Police moved into the Occupy Oakland encampment on Monday morning, arresting protesters who remained despite an eviction notice from the city.

Occupy Wall Street demonstrators face off with police at an encampment in Oakland, Calif., Nov. 14, 2011. (Paul Sakuma/AP)

The police cleared out the tents and declared the plaza a crime scene. The eviction went smoothly, despite fears that it could turn into another battle between the protesters and the police.

Mayor Jean Quan suffered sharp criticism in October after violent clashes with the police led to a war veteran, Scott Olson, suffering from a skull fracture. Olson became a national rallying cry for the protests and was only just released from the hospital this week.

Quan’s legal advisor Dan Siegel quit in protest early Monday morning before the raid, writing on Twitter:

No longer Mayor Quan’s legal advisor. Resigned at 2 am. Support Occupy Oakland, not the 1% and its government facilitators.Mon Nov 14 15:17:13 via Twitter for iPadDan Siegel

The protesters knew the raid would likely come Monday morning. Tensions with city officials flared in Oakland once more last week when a man, Kayode Ola Foster, was shot and killed near the protest site.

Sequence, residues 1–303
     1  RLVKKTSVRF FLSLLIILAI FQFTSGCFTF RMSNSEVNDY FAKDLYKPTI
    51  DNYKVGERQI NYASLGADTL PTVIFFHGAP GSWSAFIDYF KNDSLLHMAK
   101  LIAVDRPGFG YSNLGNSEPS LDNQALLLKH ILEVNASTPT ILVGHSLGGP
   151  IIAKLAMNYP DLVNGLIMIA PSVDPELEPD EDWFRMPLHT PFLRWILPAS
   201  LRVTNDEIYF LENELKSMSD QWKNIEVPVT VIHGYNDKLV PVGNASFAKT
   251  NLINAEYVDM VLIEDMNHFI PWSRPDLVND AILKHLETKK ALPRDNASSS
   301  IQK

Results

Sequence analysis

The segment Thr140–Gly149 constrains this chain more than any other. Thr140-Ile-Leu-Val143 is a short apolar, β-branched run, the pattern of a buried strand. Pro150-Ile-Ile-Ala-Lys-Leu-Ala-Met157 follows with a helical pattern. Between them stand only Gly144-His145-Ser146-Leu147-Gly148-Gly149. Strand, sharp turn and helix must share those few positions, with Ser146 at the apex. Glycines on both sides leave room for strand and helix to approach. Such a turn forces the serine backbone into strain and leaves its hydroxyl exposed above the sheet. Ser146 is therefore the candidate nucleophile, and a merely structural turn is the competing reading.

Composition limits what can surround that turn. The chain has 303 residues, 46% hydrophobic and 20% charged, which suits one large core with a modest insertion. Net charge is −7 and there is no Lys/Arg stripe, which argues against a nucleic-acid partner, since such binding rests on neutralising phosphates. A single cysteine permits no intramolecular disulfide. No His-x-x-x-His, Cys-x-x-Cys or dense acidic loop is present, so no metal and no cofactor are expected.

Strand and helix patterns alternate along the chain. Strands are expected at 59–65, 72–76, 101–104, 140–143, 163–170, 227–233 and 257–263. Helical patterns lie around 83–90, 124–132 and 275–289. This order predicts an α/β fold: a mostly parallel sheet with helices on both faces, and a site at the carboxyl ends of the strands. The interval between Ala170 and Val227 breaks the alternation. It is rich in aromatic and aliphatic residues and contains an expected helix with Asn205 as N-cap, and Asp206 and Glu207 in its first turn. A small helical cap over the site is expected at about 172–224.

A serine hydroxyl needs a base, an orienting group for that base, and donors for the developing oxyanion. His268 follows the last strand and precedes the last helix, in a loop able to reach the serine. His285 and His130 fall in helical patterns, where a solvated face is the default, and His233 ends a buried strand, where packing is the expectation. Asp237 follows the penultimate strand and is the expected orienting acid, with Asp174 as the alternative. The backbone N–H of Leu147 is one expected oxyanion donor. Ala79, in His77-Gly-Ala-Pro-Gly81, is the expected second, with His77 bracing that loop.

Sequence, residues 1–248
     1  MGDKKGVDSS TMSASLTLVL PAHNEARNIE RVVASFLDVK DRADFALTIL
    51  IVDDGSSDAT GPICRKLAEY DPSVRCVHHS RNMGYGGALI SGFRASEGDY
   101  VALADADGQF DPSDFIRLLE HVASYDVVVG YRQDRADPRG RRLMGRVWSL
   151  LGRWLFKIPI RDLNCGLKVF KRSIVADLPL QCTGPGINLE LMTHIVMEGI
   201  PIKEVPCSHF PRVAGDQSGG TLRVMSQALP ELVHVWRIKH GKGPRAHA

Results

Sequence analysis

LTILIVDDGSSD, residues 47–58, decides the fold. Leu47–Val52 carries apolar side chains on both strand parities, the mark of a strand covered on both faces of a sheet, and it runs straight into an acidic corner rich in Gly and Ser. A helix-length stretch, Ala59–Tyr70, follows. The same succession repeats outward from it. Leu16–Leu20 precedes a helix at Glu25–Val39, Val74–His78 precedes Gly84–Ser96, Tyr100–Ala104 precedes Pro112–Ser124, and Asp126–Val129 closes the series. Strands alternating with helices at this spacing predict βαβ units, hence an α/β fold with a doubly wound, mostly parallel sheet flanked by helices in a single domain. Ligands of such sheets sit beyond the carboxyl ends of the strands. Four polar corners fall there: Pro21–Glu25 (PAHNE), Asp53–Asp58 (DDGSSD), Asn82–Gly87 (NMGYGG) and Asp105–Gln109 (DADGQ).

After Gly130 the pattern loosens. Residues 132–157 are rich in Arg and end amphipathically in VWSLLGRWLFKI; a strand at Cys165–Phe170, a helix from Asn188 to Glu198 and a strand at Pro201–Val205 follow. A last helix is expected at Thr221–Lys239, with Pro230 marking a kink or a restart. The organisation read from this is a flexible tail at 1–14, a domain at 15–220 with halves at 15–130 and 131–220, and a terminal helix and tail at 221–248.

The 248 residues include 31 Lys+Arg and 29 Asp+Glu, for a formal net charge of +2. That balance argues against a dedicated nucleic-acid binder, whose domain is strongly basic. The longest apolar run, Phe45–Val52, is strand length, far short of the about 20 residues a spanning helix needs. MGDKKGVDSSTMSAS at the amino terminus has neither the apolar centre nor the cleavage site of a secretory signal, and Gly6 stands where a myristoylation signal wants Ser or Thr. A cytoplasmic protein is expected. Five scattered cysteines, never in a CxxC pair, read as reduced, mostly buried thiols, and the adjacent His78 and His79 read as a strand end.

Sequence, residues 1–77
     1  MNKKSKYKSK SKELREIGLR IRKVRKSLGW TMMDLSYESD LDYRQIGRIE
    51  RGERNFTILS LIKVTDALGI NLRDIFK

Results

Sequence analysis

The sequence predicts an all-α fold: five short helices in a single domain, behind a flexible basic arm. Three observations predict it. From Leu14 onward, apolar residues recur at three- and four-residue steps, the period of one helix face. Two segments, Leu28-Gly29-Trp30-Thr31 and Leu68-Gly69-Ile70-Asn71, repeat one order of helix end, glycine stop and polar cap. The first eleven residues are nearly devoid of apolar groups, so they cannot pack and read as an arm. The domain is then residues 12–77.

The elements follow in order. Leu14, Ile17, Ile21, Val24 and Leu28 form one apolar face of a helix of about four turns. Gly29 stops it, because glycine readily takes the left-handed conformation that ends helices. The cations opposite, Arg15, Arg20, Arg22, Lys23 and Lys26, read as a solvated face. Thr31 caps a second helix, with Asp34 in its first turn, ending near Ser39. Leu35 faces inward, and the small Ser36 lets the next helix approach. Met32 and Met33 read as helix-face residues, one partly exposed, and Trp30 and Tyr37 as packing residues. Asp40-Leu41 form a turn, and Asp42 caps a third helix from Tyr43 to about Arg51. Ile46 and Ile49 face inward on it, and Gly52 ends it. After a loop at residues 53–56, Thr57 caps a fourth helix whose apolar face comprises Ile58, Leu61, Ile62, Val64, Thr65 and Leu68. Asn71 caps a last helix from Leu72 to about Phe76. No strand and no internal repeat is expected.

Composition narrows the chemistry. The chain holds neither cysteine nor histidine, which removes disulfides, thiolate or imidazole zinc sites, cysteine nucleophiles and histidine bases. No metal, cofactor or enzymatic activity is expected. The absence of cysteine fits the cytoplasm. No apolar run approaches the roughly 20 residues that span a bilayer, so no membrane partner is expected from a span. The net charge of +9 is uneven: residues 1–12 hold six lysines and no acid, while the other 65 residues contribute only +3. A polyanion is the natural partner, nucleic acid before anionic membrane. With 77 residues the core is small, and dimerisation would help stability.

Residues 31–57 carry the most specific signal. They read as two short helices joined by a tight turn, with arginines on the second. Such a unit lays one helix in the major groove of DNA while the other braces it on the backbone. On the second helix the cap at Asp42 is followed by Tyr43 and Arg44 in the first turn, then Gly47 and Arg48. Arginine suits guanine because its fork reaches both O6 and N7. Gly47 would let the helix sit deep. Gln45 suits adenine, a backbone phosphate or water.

Other Occupy protests sites around the country are experiencing similar conflicts with city governments. The Portland mayor has said there has been a sharp increase in assaults at the Occupy Portland camp and ordered it to be shut down. Occupy Philadelphia protesters expect to be evicted Monday night. (Elizabeth Flock is on the scene in Occupy Philadelphia. Follow her reports here.)

The crackdown did not seem to dissuade some protesters. “They’ll come and kick us out, we’ll move back in,” said one man livestreaming the eviction in Oakland.

A call went out Monday afternoon that protesters would be back to reclaim the park by 9 p.m. EST.

Watch live streaming video from globalrevolution at livestream.com